I'm currently spending some time with my parents in the southwest of Germany. Yesterday my mum had a doctor's appointment in Bad Krozingen, giving me a couple hours to go riding in the Black Forest. On a tourist website I had found a suggestion for a "Black Forest Pass Tour," crossing over three ridges. The route was rated as difficult and also was a bit too long for me to make it back in time. Fortunately there was a link that would allow to cut short the route and do only two of the three passes.
After some flat riding on the outer edges of the Rhine valley, the climbing began. I passed the former St. Ulrich's priory and made my way up the mountains on a road with good surface and surprisingly little traffic. Further up the hill I saw a sign that explained the latter fact: For motor vehicles this was a dead end; only local and non-motorized traffic was allowed to descent to Horben on the other side of the ridge.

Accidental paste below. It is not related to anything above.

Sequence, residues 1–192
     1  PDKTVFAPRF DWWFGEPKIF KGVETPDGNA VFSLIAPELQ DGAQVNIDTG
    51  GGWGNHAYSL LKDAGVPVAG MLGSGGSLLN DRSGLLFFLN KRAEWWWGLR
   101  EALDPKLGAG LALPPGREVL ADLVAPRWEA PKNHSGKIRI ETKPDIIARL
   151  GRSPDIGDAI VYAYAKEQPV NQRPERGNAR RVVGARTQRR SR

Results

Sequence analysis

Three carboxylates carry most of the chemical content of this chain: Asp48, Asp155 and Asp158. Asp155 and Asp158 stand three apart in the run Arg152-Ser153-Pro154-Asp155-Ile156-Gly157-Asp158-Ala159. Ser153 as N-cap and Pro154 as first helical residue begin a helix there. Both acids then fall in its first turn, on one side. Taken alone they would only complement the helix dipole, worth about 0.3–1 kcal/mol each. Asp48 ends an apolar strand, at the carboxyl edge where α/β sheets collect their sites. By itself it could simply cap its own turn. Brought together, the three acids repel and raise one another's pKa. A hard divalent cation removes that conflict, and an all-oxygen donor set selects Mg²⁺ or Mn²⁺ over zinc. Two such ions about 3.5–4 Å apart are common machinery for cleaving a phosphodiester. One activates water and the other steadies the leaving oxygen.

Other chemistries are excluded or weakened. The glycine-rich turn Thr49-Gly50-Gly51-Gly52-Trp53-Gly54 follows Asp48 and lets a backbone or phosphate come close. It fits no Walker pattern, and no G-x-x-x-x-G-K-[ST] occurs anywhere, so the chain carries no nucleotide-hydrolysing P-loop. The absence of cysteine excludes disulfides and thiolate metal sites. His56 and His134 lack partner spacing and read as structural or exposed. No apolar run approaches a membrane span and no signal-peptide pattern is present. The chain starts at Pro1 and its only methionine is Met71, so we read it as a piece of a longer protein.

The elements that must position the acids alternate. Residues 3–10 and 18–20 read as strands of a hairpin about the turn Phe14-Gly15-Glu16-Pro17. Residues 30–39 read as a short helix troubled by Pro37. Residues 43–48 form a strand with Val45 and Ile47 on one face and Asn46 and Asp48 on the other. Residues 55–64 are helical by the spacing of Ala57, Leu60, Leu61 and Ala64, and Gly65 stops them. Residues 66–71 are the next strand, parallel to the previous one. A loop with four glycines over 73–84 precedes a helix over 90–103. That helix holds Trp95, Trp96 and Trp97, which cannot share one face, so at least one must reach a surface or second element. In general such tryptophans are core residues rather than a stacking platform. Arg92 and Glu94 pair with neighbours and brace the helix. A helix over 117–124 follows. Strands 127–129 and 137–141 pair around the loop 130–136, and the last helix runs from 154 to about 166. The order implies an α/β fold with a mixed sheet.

Once I made it to the top, I was rewarded with a marvelous view in all directions, including a view of the Schauinsland mountain, my next destination. First, however, I got to reap the other reward for climbing: A fast descent on a narrow one-lane road.
At the bottom of the descent was the base station of the aerial tram going up the Schauinsland. The sign on the road, announcing a 12% grade over 12 kilometers sounded a little scary, but it didn't feel nearly as steep. There were still signs and road stencils from the Schauinslandkönig, apparently Germany's largest mountain time trial, which had taken place just a day ago. The length of the climb—and the fact that I was wearing Birkenstocks with their flexible soles—made matters challenging.
The temperatures up on the mountain were markedly cooler, and in my sweat-soaked state I didn't want to stay too long.
|Switchbacks and cows|
|It wasn't even that hot, but I was dripping with sweat|
|Looking back down at St. Ulrich|
|No through traffic|
|Looking down towards Freiburg and the base station of the tram|
|You can't see it on the pick, but people were waving and cheering at me|
|View towards the Münstertal|
What followed now was a screaming descents into the Münster Valley. The road was narrow and full of sharp turns, and so I quickly got stuck behind a car. Awesomely, though, the driver soon pulled over and signaled me to pass. Thank you, unknown driver! Once in the valley, the rest of the ride was a gentle downhill all the way back to Bad Krozingen. What an awesome ride!